AIRWAIR IS BORN
In Cobb’s Lane, Wollaston, Northampton, England, stands the Dr. Martens factory where the famous boots were fi rst made in April 1960 and where the ‘Made In England’ range of boots are still manufactured using the same unique process to this day.
The county of Northamptonshire’s reputation for footwear production dates back as far as the 17th century when Oliver Cromwell, who ordered marching boots for his armies from this area, and for centuries the region has been home to craftspeople, artisans and leading experts in the shoe trade.
Back in 1901, the Griggs family became involved in the production of working men’s boots that quickly garnered a reputation for being highly durable. In the 1930s, the site of the future Dr. Martens factory was actually an old house with a small, slightly run-down brick-built cottage in the large garden. A Griggs family member, Reginald, bought the house to live in and promptly demolished the old cottage, re-using some of the stone bricks from its demolition to build the factory that still stands on the site today – eagle-eyed visitors to the Cobb’s Lane manufacturing building can actually spy a few of those original bricks from the old cottage.
By 1960, the Griggs family had acquired the exclusive licence to produce a revolutionary air-cushioned sole invented by two German doctors. When Bill Griggs bought the specialist machinery for making these unique soles from a defunct company in London, on returning to Northampton he discovered that the new equipment was too tall to fi t into the factory. Raising the roof would require a lengthy and expensive planning application with the local authorities, so Bill thought of a better idea – he simply dug a big hole in the factory floor and fitted the machines in that way.
One of the workers would always arrive at the factory at 6am to start warming up the small vats of wax that would be used to help make the famous air-cushioned sole. In the early days, a large diesel engine would need to be hand-cranked to start and power the factory – this engine (albeit no longer operational) still stands in the Cobb’s Lane building to this day as a reminder of those early years.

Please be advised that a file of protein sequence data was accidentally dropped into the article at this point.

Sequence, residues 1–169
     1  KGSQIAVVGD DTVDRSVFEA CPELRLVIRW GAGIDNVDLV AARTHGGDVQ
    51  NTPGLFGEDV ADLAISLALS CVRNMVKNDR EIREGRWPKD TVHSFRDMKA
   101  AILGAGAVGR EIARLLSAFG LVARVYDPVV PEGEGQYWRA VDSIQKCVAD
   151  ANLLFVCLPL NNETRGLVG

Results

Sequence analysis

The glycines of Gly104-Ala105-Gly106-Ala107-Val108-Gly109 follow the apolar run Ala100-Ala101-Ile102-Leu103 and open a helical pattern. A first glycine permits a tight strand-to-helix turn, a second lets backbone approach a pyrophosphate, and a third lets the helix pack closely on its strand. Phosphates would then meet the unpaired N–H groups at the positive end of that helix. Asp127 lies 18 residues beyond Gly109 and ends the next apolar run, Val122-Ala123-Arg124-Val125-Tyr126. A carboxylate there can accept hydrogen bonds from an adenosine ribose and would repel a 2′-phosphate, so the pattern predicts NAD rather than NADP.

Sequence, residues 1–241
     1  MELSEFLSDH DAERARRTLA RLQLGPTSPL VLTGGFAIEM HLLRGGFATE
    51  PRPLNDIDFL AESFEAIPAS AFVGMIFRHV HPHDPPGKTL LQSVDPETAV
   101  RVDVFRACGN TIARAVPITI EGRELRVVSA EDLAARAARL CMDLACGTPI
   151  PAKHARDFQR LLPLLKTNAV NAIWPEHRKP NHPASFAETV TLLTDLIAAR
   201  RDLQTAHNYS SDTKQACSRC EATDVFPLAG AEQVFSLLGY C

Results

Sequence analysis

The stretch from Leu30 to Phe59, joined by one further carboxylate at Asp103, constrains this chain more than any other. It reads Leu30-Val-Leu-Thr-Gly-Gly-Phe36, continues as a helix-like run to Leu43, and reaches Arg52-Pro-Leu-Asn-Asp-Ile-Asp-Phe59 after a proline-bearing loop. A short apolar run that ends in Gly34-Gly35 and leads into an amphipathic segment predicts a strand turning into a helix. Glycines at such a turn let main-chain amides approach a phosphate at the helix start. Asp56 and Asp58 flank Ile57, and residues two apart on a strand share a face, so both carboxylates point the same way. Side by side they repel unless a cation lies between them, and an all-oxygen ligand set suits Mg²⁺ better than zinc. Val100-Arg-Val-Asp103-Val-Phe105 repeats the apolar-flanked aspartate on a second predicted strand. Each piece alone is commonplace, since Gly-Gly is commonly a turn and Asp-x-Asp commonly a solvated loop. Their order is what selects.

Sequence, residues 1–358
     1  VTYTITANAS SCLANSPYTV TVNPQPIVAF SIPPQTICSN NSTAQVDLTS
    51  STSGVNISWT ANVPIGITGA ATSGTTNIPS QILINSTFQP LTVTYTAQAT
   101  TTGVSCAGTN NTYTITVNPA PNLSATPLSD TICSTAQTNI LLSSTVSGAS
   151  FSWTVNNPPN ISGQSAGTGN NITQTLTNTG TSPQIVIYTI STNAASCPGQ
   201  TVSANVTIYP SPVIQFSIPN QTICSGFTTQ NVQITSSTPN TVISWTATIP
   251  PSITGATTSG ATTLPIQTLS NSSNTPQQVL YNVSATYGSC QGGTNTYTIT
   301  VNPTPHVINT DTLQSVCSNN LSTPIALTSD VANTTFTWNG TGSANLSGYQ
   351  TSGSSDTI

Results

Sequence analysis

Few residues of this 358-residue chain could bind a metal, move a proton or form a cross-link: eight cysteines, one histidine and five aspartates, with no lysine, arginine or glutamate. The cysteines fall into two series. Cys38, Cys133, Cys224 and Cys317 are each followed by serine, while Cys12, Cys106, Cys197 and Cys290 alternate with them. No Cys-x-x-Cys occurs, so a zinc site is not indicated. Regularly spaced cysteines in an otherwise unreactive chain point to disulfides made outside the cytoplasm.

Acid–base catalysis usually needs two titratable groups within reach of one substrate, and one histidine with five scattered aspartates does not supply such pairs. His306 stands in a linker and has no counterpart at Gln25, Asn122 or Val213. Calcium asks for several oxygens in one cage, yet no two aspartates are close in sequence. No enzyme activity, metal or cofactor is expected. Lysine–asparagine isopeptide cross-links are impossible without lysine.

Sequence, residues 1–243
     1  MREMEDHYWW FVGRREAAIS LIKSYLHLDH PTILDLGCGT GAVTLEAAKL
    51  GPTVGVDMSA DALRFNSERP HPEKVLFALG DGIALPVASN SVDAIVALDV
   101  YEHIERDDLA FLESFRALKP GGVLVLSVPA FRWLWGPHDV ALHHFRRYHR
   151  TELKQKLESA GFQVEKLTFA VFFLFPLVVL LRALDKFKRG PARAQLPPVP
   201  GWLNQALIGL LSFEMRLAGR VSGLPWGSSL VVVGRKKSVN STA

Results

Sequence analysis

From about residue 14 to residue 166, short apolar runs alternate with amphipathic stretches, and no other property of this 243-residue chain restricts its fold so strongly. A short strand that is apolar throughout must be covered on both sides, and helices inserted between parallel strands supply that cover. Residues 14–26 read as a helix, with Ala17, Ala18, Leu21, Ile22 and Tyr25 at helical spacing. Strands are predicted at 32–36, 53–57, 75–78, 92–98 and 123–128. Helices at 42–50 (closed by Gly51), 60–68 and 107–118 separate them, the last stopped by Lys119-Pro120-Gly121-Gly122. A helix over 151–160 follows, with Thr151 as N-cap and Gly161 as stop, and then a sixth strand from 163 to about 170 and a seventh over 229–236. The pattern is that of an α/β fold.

The Griggs family were always looking to innovate and, with the help of a key workman, designed a production line that made the manufacture of the boots both safer for the workforce but also, crucially, quicker. Many of the workers were multi-skilled and could operate several of the stations. In those days, like most factories of the period, Cobb’s Lane would have been a noisy workplace environment, fi lled with the smell of tanning leathers and clanking machinery.
Fast-forward to the present day and the world of fashion and workwear has changed beyond recognition – however, in many ways the original factory remains largely unchanged. Within these factory walls, in amongst the smell of freshly cut leather and the noisy backdrop of carefully preserved machinery, the unmistakeable shape of the Dr. Martens boot starts to form: travelling the length of the factory, beginning with a small pile of tanned leather hides, the process takes the boots and shoes through various highly skilled stages of evolution until its fi nal arrival in the customer’s box.
True to more than a century of footwear craftsmanship and innovation, this famous footwear is still manufactured by a specialised team of cutters, clickers and welters, schooled in traditional shoe-making methods and experts in the unique process that makes Dr. Martens like no other shoe on earth.